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Writing

7 Tips for Writing Enthralling Cliffhangers

Written by MasterClass

Last updated: Jan 8, 2020 • 5 min read

Cliffhangers are an effective storytelling device for retaining audience interest in a story. As you weave cliffhangers into your own novel, short story, screenplay, or theatre script, remember that the best writers use cliffhangers as a way of propelling the story forward. They’re no substitute for vivid character development and a compelling overall story, but they do complement those features of your writing. Cliffhangers build suspense and convey a sense of urgency, reinforcing the audience’s investment in the story.

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What Is a Cliffhanger?

A cliffhanger is a plot device in which part of a story ends unresolved, usually in a suspenseful or shocking way, in order to compel audiences to turn the page or return to the story in the next installment. Cliffhangers most commonly manifest when a scene ends just before a climactic action. The term came from Thomas Hardy’s novel A Pair of Blue Eyes (1873), which ended with a character literally hanging from a cliff. Originally, a cliffhanger ending referred to a final, unresolved scene where a character’s life was at stake, but today cliffhangers can be large or small.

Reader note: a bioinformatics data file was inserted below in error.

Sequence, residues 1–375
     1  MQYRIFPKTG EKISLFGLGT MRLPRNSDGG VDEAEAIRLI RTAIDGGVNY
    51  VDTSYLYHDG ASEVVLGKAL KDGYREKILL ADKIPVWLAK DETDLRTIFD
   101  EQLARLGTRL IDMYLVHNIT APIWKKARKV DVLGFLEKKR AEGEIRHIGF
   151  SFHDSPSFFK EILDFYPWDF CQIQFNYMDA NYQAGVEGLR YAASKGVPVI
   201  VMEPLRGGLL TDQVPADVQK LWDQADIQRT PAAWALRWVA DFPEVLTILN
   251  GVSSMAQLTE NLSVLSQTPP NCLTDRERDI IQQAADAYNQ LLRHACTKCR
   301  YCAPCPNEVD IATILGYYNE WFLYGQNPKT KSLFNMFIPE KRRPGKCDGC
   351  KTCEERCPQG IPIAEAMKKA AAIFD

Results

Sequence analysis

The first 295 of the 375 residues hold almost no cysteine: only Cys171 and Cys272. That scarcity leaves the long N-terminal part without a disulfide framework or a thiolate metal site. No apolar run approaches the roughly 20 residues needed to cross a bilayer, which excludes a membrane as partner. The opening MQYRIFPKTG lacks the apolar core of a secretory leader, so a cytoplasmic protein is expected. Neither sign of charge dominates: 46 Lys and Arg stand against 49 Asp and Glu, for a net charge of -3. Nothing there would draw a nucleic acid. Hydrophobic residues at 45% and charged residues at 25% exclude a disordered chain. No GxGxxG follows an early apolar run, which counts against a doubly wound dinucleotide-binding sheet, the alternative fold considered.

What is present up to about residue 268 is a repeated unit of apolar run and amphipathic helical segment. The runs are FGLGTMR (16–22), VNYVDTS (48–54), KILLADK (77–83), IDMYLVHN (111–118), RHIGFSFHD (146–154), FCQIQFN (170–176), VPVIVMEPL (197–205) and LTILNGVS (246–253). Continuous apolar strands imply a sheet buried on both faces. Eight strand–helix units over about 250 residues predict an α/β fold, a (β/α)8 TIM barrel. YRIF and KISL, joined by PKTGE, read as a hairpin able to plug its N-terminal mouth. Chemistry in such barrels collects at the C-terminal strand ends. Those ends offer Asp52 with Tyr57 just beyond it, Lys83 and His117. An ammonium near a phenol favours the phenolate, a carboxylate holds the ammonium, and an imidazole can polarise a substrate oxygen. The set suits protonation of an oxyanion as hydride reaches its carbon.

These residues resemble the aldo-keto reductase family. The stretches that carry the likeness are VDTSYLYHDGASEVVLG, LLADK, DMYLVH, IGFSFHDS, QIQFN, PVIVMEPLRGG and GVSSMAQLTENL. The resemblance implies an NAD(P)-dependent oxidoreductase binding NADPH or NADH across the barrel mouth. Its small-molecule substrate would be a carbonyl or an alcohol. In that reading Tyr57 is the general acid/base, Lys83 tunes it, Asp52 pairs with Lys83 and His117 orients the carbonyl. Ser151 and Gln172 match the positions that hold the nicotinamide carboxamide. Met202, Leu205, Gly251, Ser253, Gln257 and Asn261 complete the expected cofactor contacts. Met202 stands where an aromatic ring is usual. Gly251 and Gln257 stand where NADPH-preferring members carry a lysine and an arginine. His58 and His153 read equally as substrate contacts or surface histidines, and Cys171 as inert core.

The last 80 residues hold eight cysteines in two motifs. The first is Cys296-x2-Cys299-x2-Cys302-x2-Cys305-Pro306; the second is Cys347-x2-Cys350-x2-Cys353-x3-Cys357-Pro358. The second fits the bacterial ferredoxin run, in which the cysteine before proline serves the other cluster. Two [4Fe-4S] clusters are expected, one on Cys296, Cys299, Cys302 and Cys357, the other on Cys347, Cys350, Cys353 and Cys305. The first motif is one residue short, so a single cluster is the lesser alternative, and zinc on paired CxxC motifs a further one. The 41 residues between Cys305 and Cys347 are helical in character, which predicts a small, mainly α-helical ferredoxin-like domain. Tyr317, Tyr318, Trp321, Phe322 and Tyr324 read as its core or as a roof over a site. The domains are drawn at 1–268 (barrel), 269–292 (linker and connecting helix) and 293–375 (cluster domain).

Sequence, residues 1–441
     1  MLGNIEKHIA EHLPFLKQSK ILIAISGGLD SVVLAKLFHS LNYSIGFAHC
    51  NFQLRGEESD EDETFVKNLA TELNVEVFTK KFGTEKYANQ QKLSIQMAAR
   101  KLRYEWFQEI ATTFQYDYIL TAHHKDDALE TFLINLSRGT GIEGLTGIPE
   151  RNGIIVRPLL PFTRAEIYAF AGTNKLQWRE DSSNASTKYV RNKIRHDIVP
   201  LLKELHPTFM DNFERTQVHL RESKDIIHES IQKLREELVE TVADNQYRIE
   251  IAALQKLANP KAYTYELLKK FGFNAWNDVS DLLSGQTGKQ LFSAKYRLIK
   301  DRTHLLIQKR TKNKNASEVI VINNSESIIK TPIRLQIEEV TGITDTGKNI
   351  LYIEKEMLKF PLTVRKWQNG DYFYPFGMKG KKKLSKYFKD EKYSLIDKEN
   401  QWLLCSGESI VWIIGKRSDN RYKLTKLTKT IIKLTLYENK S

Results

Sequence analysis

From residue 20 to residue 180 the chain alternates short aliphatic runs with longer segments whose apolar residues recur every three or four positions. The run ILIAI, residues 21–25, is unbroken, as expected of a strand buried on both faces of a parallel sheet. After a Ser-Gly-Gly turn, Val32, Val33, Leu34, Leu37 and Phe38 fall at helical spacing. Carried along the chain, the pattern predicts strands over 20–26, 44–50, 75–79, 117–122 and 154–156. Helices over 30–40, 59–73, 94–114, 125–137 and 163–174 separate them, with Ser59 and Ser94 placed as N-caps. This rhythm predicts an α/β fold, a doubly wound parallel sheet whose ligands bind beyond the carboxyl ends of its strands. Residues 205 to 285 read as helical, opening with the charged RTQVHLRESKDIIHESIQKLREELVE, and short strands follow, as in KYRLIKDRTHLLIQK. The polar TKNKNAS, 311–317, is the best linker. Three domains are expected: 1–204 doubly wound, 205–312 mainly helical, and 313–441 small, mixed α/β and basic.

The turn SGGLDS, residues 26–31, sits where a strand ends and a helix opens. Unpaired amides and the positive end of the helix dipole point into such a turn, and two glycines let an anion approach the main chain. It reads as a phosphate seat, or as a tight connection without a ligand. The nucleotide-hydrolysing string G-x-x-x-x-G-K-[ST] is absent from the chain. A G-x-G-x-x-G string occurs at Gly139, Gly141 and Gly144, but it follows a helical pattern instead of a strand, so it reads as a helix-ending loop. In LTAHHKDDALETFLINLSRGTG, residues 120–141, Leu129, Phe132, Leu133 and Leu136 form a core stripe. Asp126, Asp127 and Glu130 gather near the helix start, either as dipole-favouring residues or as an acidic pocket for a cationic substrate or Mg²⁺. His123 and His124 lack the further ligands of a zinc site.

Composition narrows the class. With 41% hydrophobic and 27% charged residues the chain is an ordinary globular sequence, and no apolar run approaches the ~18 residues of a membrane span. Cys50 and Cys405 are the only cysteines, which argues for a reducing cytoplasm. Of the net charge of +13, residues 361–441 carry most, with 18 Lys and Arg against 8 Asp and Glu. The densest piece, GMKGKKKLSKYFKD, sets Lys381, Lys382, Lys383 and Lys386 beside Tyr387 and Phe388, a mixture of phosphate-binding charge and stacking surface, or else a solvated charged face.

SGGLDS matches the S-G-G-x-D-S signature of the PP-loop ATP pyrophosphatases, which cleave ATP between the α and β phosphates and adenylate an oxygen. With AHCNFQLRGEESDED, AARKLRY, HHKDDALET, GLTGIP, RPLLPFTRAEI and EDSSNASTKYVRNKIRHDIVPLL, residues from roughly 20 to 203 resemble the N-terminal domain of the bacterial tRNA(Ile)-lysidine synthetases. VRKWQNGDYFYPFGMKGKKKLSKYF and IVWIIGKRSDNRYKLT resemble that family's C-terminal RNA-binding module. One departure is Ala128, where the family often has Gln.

Most thriller writers end each chapter with a cliffhanger. They spend the chapter building questions around a particular subject. At the end, they withhold vital information from the reader, thus propelling them to keep turning the pages. Cliffhangers tend to go one of two ways: Either the main character comes face-to-face with a life-threatening situation, or a shocking revelation comes to light, threatening to alter the course of the narrative.

9 Examples of Cliffhangers

Cliffhangers have enhanced the storytelling of thousands of authors, playwrights, and screenwriters. Cliffhangers also dominate many television shows and films. Here are some popular cliffhanger examples from literature, TV shows, and movies:

  1. One Thousand and One Nights: Literary cliffhangers trace back to One Thousand and One Nights, a collection of Arabic folk stories. The collection’s central story revolves around a young bride named Scheherazade, who tells her new husband, King Shahryar, story after story as a way to save herself from execution. Each story Scheherazade tells has a different cliffhanger ending, prompting her husband to keep her alive so he can find out what happens next.